DM: How do you compare to ESRI's ArcLogistics Route or Giro?
LK: We run into ArcLogistics once in a while; not too often because we have our own vertical niches: Food Service, Wholesale distribution, Beverage Service.I'm sure ArcLogistics is good in certain markets, but for the ones we are in, we don't see a whole lot of acceptance.That's not to say that we don't see them.They are also slightly different because in who supports them.If you buy ArcLogistics, are you supported by the VAR or supported by ESRI.Our customers want a single point of contact.Ours is a turnkey solution.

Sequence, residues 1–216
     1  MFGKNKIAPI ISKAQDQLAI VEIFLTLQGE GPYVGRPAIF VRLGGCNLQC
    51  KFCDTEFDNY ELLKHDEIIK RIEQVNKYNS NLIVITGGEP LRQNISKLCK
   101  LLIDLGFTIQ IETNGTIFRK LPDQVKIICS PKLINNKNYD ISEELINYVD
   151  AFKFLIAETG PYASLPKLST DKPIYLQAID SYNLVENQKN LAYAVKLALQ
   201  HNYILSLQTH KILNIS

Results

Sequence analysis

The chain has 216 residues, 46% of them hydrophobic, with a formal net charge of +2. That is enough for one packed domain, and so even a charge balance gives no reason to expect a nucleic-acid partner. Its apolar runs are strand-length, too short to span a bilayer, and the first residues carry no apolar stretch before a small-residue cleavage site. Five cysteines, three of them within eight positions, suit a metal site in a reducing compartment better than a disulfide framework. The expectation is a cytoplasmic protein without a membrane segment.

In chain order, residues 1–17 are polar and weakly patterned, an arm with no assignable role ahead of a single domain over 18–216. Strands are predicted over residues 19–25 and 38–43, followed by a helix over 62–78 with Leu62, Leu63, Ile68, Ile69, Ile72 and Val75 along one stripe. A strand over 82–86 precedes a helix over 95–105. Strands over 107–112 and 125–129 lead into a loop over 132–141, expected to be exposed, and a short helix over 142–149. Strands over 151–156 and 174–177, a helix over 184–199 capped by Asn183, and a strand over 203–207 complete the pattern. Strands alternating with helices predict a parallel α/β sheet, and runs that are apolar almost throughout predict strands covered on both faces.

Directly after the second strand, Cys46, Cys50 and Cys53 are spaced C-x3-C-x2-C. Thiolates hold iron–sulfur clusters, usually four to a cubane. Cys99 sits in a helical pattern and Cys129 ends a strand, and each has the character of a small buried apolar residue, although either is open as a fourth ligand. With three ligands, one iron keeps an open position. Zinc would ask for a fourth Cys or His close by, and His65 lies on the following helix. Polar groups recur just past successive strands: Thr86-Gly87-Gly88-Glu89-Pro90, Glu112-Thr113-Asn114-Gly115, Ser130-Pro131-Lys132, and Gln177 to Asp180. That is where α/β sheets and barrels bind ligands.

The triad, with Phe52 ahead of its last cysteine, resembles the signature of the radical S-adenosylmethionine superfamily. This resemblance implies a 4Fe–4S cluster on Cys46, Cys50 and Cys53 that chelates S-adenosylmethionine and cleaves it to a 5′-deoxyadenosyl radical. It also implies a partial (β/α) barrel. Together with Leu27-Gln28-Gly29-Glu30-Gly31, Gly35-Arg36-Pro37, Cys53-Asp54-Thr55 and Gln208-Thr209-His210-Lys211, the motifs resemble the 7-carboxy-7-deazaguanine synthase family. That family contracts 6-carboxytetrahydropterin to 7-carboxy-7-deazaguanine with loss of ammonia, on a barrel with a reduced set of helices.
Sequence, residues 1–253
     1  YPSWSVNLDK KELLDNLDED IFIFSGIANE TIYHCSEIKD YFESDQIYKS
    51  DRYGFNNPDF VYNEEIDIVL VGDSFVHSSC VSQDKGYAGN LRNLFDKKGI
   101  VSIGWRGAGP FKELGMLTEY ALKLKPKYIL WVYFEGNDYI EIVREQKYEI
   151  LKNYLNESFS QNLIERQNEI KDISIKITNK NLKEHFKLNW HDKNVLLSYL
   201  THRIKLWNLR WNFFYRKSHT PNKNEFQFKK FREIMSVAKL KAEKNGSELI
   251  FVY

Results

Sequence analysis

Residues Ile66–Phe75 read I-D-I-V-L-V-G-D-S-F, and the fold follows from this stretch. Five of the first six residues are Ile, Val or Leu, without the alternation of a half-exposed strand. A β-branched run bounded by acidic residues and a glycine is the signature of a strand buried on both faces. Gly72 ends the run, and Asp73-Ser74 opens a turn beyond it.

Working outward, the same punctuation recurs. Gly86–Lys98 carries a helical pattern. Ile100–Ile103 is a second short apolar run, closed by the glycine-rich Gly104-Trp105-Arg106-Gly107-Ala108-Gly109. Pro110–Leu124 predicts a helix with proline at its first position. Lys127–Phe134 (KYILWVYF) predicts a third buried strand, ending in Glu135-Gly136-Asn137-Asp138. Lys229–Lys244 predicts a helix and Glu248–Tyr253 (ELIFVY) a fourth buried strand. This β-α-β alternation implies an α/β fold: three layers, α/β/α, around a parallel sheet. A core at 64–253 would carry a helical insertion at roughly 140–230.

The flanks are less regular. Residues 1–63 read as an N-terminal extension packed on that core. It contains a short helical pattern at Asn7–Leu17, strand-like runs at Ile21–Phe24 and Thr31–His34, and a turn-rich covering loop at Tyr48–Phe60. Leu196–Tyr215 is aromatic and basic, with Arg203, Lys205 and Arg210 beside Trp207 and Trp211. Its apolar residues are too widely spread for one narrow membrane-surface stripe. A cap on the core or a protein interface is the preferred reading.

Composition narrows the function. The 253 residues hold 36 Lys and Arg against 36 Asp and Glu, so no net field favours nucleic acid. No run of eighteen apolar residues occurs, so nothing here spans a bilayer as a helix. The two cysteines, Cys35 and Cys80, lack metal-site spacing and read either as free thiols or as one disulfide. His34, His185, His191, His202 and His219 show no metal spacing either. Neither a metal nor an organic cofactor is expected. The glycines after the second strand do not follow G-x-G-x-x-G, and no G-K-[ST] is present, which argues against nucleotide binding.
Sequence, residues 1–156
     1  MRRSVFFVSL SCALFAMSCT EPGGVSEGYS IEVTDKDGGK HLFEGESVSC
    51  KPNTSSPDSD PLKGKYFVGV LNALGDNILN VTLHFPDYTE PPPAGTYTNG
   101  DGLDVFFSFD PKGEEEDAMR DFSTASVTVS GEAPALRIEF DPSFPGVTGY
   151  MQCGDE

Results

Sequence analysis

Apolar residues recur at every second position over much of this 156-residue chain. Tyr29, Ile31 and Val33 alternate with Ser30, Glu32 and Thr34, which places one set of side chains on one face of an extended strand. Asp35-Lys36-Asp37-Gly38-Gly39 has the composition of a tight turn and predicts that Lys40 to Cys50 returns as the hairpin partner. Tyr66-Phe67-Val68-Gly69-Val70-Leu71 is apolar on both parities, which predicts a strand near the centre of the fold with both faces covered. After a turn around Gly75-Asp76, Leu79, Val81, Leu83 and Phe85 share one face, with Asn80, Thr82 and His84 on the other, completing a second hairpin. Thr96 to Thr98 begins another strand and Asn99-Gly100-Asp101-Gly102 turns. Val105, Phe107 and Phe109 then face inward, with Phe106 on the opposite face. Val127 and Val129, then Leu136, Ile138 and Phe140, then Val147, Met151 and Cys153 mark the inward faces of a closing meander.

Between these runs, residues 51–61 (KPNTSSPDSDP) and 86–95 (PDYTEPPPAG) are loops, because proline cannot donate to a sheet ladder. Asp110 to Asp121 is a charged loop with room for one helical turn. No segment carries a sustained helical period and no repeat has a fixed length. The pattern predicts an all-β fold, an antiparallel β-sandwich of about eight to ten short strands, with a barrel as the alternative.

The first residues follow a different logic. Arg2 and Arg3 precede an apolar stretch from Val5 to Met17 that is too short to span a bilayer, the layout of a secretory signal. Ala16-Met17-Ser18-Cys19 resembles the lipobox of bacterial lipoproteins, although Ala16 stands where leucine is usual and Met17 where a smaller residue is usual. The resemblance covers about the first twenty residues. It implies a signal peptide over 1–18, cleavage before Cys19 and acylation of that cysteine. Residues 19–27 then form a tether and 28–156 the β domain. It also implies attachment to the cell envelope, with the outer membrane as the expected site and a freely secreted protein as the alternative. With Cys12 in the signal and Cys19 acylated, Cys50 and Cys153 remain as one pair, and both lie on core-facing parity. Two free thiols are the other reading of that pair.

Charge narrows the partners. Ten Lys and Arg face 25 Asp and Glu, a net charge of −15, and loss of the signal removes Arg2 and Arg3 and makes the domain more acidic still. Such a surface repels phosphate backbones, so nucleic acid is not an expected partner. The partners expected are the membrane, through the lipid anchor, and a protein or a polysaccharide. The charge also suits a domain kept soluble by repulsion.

DM: Do you have a certain threshold of vehicles that your solution is particularly well suited or could you take a 25-vehicle company and do virtually the same thing by scaling down the solution?
LK: Yes, we scale down.We have people in the New York area with 25 trucks.And they like the visibility. And, we have a customer in the New Jersey area with 841 trucks.So, it seems to scale OK.We don't reduce any of the functionality.We assuming that if you have a bigger fleet that the ROI would change and the pricing would be changed.

DM: Do you see the market for fleet logistics has seen a slow down with the reset of IT spending?